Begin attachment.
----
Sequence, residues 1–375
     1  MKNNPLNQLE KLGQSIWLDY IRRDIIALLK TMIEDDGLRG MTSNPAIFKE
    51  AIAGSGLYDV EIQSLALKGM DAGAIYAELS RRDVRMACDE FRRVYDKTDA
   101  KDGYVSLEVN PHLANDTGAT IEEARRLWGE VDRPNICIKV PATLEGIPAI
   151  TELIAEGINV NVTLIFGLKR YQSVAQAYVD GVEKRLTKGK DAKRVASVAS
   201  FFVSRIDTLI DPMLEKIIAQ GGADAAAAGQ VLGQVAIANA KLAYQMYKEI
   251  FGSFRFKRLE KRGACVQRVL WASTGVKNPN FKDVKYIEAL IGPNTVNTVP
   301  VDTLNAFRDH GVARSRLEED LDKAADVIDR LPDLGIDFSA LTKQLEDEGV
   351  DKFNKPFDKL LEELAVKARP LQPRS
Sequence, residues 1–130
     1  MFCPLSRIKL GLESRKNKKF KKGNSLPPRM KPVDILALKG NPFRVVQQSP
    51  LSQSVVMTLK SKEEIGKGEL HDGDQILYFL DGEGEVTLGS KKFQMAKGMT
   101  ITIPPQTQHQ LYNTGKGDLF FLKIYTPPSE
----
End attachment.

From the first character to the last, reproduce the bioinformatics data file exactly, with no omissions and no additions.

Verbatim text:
Sequence, residues 1–375
     1  MKNNPLNQLE KLGQSIWLDY IRRDIIALLK TMIEDDGLRG MTSNPAIFKE
    51  AIAGSGLYDV EIQSLALKGM DAGAIYAELS RRDVRMACDE FRRVYDKTDA
   101  KDGYVSLEVN PHLANDTGAT IEEARRLWGE VDRPNICIKV PATLEGIPAI
   151  TELIAEGINV NVTLIFGLKR YQSVAQAYVD GVEKRLTKGK DAKRVASVAS
   201  FFVSRIDTLI DPMLEKIIAQ GGADAAAAGQ VLGQVAIANA KLAYQMYKEI
   251  FGSFRFKRLE KRGACVQRVL WASTGVKNPN FKDVKYIEAL IGPNTVNTVP
   301  VDTLNAFRDH GVARSRLEED LDKAADVIDR LPDLGIDFSA LTKQLEDEGV
   351  DKFNKPFDKL LEELAVKARP LQPRS
Sequence, residues 1–130
     1  MFCPLSRIKL GLESRKNKKF KKGNSLPPRM KPVDILALKG NPFRVVQQSP
    51  LSQSVVMTLK SKEEIGKGEL HDGDQILYFL DGEGEVTLGS KKFQMAKGMT
   101  ITIPPQTQHQ LYNTGKGDLF FLKIYTPPSE